#8
There were also in the Northumberland Irish, some black or half-caste lads, who fought on the 1st day of the Somme, they used to call them 'Burnt Geordies' There is a picture of some in the Northumberland Irish Pals book.

Going back to topic, extrordinary guy, well liked by his men.
 
#9
You would have thought he would at least have been an Etonian, but the lad was a childrens home kid from the east end. Even more impressive!

Trotsky
 
#11
Taz_786 said:
http://www.guardian.co.uk/media/2008/sep/22/bbc.television

The BBC4 controller, Janice Hadlow, has given the green light to a film based on the life of the first black officer to lead British troops during the first world war.

Written by actor and award-winning playwright Kwame Kwei-Armah, Walter's War will form the centrepiece of a series of programming based around this year's 90th anniversary of the end of the first world war.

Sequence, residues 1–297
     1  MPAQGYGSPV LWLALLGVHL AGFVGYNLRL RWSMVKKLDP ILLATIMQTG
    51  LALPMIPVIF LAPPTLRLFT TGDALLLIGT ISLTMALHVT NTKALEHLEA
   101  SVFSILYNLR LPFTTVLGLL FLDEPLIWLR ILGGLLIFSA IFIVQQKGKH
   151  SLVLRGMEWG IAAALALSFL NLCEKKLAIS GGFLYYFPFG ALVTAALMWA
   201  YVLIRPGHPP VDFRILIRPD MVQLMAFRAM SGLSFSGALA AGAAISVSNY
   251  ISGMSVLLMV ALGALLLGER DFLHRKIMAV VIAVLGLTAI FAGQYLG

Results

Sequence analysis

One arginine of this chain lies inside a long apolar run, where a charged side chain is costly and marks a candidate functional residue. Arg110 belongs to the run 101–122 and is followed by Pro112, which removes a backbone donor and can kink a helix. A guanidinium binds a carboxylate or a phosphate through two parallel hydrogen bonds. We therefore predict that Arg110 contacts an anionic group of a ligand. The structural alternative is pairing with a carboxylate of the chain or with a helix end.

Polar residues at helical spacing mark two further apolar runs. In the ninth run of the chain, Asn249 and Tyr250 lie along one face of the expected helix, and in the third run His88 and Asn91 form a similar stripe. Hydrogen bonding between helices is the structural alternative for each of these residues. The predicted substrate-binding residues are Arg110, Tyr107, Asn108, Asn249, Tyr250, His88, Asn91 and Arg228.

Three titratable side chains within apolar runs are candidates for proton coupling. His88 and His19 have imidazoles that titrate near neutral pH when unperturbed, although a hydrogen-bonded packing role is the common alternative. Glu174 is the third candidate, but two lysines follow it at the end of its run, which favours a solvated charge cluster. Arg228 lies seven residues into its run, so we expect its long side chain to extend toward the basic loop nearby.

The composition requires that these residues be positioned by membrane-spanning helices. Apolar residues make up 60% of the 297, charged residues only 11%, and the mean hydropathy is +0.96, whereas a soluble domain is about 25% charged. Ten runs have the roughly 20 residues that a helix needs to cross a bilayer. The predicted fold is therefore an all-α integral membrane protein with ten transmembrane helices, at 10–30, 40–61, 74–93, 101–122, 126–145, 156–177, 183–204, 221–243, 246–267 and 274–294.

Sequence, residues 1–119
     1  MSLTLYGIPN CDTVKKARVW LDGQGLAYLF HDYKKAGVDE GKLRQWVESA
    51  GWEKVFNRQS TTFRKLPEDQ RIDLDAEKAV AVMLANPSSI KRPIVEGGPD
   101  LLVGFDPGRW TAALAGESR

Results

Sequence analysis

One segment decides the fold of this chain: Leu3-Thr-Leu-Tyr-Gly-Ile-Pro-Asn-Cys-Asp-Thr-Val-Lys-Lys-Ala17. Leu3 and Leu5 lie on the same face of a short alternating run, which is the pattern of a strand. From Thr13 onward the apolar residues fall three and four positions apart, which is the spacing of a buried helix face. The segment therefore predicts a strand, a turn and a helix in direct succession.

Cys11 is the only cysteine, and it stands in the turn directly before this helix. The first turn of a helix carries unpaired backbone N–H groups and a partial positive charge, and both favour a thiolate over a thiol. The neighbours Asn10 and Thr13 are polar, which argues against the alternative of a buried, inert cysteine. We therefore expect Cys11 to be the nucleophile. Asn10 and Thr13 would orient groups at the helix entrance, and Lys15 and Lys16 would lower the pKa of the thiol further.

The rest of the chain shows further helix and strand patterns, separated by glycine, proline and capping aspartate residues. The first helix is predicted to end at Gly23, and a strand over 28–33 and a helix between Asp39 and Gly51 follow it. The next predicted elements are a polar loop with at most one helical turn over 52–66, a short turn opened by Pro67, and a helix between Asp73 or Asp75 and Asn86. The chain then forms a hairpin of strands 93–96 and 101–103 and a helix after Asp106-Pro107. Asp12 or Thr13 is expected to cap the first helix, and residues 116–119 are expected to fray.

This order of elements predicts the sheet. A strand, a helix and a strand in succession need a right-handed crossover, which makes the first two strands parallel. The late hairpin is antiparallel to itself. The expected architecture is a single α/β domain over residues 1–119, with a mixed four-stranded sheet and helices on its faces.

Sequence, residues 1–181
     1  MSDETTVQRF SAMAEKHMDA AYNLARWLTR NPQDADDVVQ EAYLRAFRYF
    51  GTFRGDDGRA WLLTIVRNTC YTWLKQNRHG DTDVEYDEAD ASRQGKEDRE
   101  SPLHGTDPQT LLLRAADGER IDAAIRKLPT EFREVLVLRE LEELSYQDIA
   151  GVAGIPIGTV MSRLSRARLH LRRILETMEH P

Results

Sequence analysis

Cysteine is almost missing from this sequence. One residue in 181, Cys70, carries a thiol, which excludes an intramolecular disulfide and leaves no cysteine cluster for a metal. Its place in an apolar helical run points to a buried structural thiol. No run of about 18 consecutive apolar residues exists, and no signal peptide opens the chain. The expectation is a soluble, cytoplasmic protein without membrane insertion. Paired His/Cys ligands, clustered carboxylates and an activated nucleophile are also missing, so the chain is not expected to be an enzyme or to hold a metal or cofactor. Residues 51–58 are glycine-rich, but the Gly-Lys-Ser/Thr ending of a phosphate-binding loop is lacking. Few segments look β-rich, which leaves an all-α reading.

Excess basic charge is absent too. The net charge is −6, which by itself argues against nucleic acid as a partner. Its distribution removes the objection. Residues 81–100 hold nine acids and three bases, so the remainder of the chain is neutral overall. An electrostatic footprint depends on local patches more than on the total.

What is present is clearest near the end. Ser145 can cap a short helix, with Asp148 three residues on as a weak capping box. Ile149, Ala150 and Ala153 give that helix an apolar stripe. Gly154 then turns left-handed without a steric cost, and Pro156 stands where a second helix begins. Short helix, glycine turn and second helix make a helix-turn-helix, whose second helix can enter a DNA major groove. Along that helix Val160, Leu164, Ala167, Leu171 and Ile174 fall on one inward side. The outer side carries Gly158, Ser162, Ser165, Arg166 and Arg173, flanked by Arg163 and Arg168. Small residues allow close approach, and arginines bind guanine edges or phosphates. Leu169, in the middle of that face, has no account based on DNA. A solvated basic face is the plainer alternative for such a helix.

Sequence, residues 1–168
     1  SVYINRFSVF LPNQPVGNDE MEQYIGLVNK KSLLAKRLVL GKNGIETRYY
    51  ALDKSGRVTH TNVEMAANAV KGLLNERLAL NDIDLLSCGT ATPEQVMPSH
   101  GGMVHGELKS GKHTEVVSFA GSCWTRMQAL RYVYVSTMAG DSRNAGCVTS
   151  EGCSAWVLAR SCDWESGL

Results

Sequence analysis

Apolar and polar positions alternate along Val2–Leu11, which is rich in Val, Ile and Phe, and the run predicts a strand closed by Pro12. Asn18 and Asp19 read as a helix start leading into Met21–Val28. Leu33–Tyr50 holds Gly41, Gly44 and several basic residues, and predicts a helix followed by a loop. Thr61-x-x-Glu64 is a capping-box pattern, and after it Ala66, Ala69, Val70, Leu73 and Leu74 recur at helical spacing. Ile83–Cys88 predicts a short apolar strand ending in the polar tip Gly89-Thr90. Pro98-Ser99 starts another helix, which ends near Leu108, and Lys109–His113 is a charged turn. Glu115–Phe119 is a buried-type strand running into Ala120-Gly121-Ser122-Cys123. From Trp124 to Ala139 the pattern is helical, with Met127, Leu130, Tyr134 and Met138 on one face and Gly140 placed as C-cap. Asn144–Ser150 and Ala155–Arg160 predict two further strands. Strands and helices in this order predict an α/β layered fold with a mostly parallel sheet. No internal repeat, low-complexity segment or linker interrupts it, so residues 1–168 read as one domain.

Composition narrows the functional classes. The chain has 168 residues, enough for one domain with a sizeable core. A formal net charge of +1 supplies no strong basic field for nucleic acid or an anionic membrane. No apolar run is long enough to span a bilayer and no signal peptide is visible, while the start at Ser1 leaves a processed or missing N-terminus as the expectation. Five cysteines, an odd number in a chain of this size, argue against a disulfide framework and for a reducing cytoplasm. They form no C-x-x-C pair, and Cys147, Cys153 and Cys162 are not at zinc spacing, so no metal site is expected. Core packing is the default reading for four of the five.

It will air on Remembrance Day in November.

OT Fagbenle, who has appeared in Doctor Who and the Anthony Minghella feature film Breaking And Entering, will star as Walter Tull who led troops as an officer in the face of both the horrors of the conflict and prejudice in some quarters about his skin colour.

The film, based on an "imagined period" of Tull's life, will focus on his experiences at the front and the time he spent recuperating from trench fever before he underwent officer training.

Tull - who was also one of the first black footballers to play professional football, turning out for Tottenham Hotspur and Northampton between 1909 and 1914 - was killed at the second battle of the Somme in 1918 at the age of 29.

The rest of the cast includes Ewan Stewart as Sergeant Fuller and Dugald Bruce-Lockhart as fellow soldier Captain Coombe.


http://en.wikipedia.org/wiki/Walter_Tull

Extraordinary story, extraordinary man!
Walter's War

Kwei-Armah is an exceptional observer. What the licence fee is for!
 
#12